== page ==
2. Your Brain Might Actually Change
A 2014 study published in the Journal of Neuroscience found that chronically losing out on sleep, as many who are up at night do, might even change your brain. This study was done in mice, so more research is likely needed, but it's still important to keep in mind. Not only that, but another 2014 study published in the journal Sleep found that some veterans of the Gulf War who didn't get enough sleep had a decreased volume of brain tissue.
3. Your Hormone Levels Will Change
Getting enough sleep each night is also tied to your hormone levels and production. If you don't sleep enough, eating a healthy diet might be especially important. "They have to more careful in their dietary habits to reduce the hormonal changes (increased cortisol) that comes disruption of circadian rhythms," Dr. Barry Sears, the creator of the Zone Diet, tells Romper by email. "Those hormonal changes result in insulin resistance that causes weight gain and a greater likelihood of diabetes and heart."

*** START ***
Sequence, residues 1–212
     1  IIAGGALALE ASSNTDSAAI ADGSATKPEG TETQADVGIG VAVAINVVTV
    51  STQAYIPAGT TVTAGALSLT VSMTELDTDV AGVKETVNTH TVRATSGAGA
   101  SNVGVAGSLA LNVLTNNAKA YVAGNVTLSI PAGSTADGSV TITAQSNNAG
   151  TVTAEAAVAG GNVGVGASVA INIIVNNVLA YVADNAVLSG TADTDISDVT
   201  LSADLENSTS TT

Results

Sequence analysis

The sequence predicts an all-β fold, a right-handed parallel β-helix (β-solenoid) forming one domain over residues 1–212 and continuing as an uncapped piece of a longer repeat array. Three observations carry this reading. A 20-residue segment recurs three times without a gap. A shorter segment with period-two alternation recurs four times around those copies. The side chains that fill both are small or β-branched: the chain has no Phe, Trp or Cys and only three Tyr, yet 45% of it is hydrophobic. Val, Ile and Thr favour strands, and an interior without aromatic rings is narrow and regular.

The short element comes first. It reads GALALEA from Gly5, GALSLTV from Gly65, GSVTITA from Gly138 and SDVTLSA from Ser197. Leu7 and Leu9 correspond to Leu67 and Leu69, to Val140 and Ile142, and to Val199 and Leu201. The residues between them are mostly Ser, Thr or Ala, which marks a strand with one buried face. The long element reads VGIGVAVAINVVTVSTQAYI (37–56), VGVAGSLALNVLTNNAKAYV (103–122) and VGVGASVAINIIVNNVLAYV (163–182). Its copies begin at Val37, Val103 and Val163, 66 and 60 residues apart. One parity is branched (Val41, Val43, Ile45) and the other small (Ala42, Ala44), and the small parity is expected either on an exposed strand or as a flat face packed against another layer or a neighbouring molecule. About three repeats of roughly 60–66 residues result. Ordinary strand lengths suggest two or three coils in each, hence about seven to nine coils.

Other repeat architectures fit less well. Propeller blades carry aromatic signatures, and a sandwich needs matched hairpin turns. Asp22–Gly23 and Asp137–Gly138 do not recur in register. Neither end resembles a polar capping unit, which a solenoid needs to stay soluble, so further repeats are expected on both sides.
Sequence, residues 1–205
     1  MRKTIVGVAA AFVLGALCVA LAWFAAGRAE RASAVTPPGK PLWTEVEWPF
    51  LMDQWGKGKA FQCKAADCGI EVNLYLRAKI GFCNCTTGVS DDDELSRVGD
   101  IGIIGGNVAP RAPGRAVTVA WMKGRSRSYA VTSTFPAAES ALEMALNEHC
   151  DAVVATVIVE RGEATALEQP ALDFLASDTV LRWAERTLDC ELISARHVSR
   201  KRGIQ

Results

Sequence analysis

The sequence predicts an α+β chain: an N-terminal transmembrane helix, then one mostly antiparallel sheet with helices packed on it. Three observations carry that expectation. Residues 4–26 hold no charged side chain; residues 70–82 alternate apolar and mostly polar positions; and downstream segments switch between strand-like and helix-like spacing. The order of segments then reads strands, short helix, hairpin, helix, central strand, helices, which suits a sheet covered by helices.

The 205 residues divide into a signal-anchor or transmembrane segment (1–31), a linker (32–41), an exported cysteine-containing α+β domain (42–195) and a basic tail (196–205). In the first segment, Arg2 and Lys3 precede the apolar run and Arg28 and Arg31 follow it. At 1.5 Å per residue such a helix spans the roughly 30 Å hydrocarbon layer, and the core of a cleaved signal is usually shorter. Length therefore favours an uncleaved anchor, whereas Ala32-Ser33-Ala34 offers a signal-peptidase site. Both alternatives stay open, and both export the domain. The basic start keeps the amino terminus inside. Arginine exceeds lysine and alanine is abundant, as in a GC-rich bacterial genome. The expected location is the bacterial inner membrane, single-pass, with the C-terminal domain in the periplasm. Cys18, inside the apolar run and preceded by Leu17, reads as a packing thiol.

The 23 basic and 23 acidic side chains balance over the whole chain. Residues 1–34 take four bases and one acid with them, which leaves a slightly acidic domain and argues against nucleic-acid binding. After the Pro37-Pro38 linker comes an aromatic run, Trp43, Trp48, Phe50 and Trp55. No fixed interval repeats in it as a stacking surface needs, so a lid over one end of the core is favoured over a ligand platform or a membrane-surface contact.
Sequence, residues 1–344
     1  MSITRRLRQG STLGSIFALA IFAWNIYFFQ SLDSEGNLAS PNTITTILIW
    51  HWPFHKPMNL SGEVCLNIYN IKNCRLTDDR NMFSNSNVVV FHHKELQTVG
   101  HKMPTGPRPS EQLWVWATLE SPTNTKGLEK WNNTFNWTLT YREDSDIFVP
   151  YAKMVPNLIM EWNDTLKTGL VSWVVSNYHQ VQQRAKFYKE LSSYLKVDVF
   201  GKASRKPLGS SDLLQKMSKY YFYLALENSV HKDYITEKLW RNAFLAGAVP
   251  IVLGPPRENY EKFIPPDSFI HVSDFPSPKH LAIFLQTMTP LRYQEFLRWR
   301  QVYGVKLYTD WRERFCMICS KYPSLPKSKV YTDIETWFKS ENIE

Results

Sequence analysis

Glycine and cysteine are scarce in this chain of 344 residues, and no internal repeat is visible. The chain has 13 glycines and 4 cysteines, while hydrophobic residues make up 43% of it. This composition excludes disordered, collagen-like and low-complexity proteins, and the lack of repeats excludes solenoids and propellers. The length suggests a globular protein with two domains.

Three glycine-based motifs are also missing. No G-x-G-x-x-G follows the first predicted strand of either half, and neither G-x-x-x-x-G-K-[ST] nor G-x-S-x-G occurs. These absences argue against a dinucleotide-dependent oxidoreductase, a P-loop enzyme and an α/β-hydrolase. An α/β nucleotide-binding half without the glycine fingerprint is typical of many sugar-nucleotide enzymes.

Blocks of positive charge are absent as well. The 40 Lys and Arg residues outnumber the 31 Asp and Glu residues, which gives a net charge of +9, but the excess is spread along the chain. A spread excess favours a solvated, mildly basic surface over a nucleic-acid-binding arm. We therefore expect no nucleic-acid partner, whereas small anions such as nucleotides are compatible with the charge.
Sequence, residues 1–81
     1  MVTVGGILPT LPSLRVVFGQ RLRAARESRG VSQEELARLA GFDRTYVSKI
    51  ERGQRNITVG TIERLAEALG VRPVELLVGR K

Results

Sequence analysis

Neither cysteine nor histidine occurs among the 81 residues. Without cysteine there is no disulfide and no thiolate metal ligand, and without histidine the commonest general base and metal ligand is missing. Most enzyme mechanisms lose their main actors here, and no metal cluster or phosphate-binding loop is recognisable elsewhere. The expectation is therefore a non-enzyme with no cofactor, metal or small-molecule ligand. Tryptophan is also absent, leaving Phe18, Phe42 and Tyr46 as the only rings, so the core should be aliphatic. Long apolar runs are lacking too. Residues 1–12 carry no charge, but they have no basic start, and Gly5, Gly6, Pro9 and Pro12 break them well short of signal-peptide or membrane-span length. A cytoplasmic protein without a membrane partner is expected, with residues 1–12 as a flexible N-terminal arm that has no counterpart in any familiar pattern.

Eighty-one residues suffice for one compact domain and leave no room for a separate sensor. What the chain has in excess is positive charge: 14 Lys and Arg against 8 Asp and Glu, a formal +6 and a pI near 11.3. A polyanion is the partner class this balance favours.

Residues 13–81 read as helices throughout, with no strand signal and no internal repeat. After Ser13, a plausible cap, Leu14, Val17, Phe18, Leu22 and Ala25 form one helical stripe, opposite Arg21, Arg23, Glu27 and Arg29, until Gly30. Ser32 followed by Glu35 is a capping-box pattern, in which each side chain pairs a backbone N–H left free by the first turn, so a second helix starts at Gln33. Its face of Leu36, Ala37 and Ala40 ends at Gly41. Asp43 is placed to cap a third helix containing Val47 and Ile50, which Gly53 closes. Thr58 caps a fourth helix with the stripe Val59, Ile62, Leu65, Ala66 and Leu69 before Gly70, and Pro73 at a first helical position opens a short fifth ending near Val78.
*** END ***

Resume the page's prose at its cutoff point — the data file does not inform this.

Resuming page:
4. You End Up Dealing With Sleep Fragmentation
Sleep fragmentation is basically what happens when you get some of your sleep at night and some during the day. While not everyone who sleeps during the day would have to deal with sleep fragmentation, it can definitely be an issue for new parents and others. Essentially, you have naps that interfere with your nighttime sleep, which you don't want to happen.